The sickness bequeathed : Islamic anti-semitism, Nazi fascism, and ethno-centric nationalism continuity in the Muslim Middle East / by Andrey S. Kulikov
Includes bibliographical references (p. 98-105)
- External Link
Electronic version from ProQuest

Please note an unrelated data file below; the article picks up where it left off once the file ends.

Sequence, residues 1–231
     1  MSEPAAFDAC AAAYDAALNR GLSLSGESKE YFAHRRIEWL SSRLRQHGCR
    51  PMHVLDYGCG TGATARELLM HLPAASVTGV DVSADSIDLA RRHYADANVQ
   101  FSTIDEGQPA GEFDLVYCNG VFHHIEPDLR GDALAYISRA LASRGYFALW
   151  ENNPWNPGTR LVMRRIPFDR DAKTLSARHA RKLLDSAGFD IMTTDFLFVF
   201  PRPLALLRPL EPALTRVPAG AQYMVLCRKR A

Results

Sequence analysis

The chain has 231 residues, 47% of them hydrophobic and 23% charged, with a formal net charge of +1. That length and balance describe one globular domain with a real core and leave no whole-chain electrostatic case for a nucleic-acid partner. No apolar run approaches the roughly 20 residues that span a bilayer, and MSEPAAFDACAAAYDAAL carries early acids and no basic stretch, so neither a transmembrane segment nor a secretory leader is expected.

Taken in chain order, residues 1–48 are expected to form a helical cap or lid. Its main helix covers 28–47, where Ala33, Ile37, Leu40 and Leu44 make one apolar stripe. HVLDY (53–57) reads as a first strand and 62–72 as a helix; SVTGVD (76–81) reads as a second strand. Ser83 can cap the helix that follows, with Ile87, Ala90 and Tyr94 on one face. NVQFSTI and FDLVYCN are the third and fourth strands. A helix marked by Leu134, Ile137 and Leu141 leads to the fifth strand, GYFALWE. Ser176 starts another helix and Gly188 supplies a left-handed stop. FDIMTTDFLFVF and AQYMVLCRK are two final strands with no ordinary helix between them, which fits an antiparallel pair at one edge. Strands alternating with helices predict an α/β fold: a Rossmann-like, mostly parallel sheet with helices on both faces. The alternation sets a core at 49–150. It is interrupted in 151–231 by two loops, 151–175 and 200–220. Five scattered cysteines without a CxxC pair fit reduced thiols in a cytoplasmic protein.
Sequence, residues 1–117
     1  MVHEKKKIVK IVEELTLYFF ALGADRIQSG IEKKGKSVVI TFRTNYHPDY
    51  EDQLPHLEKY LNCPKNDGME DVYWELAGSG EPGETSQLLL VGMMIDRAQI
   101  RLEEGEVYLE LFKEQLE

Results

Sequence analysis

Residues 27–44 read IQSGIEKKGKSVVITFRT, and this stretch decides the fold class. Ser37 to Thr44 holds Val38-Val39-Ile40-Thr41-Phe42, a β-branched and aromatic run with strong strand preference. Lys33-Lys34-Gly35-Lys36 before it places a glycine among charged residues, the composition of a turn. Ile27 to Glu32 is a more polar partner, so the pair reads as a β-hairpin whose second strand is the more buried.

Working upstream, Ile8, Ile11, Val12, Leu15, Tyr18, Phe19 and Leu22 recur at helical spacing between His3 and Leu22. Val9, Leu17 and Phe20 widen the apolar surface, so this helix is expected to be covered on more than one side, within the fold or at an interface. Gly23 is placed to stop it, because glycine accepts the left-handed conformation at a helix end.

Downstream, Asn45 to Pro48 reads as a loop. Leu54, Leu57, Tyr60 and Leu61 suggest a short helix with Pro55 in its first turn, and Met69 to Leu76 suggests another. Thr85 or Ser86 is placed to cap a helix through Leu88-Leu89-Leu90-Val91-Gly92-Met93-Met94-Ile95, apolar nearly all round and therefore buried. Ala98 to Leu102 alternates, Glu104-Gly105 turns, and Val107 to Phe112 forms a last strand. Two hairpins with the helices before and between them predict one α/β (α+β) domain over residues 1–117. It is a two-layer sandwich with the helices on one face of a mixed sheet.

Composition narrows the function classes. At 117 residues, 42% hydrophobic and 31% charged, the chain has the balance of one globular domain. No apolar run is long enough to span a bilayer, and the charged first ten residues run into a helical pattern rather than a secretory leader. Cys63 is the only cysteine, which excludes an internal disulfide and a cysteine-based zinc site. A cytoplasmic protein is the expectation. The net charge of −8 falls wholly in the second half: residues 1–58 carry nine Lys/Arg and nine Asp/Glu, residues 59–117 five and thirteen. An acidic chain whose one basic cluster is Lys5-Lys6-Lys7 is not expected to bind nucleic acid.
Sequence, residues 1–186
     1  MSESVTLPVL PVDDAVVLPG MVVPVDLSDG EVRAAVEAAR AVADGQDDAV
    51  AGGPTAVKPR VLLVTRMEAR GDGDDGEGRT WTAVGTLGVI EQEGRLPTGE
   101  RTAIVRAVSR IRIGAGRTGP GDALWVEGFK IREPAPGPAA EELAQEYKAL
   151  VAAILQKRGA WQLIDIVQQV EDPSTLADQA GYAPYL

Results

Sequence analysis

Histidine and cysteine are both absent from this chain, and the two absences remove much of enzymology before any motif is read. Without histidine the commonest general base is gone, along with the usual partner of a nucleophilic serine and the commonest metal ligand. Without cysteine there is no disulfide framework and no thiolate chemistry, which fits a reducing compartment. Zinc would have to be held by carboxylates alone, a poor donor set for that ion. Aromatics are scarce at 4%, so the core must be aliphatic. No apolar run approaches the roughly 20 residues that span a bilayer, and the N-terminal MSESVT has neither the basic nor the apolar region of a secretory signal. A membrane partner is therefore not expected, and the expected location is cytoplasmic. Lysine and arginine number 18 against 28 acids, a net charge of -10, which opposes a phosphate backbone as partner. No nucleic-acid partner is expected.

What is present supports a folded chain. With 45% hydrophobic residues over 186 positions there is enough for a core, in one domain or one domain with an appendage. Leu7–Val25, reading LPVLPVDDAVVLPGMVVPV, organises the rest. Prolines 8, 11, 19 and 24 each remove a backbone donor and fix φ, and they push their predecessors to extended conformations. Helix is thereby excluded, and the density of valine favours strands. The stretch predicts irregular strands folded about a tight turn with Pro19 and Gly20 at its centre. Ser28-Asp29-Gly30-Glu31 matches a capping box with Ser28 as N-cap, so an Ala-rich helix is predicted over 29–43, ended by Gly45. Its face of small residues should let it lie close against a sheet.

Present day analysis of the relations between Muslim and Jews almost automatically presumes a history of antagonism and animosity. This history is often addressed as primal and stretching back to the beginnings of Islam as a religion. Such postulations trickle into the contemporary political discourse constricting policy achievements for a constructive solution of the current geo-political stalemate in the Middle East. Muslims and Jews, in fact, have a history of co-existence. Anti-Semitism in the Middle East and hostility between Muslims and Jews increased toward the end of the Ottoman rule and moved further toward enmity by World War II. European anti-Semitism of the Middle Ages and Enlightenment period could be viewed as harsher, more violent and brutal than its examples in the Muslim Middle East. Anti-Judaism as a concept in the context of Islam did not always equate to the racial anti-Semitism of Europe and Russia. Anti-Semitism based particularly upon racial or ethnic grounds and involving false suppositions and accusations came to the Muslim Middle East from Europe. The discrimination against the Jews in Europe culminated in the highest form of persecution - Hitler's Holocaust. The Muslim Middle East was contaminated with the ideas of Mein Kampf in the early stages of formation of the independent Arab states out of the remains of the Ottoman Empire.After 1919, Germany, stripped of any role in the region by victorious Britain and France, became only a remnant of the Ottoman-German Alliance. The rise of German power under the Nazis in the 1930s fostered new hopes of alliance across the Muslim Middle East, which could have meant a removal of the British and French colonial powers then present in the region. Many Muslim Arab leaders saw the new Germany of the 1930's as the potential force poised to counter-balance the power distribution in parts of the Arab world governed by Britain and France. The new anti-Jewish ideology, conducive in building a common ground between the occupied Arab states and Germany as the new contender for the world domination, was injected into the religious thought of the day and later woven into the interpretation of the Qur'an. The evolution of religion alone was not responsible for the formation of anti-Semitic sentiment and the Jew-hatred preached today by some Islamic leaders. The term "Islamo-fascism"1, used in the political discourse in 2005, evoked an outburst of condemnation and protest. However, while it is not applicable to the Muslim world universally, some Muslim groups not only seek to bring about a totalitarian empire, but have their roots in Nazi ideology and genocide. Honest acknowledgment of the past propensities in the Muslim Middle East to embrace Nazi ideology and propaganda is a necessary step for understanding the phenomenon of the Islamic terrorism and racial anti-Semitism. Accurate historical background is essential for enacting effective policy decisions. Lastly, in light of the increasing number of comparisons made in the Arab media to equate Israel itself to Nazi Germany and some United Nations diplomats today publicly espousing similar views,2 there is urgency in the need to publicize an undistorted historical record on the subject of Islamic anti-Semitism and the Nazi ideological influence in the Middle East. 1George W. Bush, "President Discusses War on Terror at National Endowment for Democracy ", ed. The White House (Washington, DC: Office of the Press Secretary, 2005). 2Tim Franks, "The next UN investigator into Israeli conduct in the occupied territories has stood by comments comparing Israeli actions in Gaza to those of the Nazis," BBC World Service (2008), http://news.bbc.co.uk/go/pr/fr/-/2/hi/middle_east/7335875.stm .
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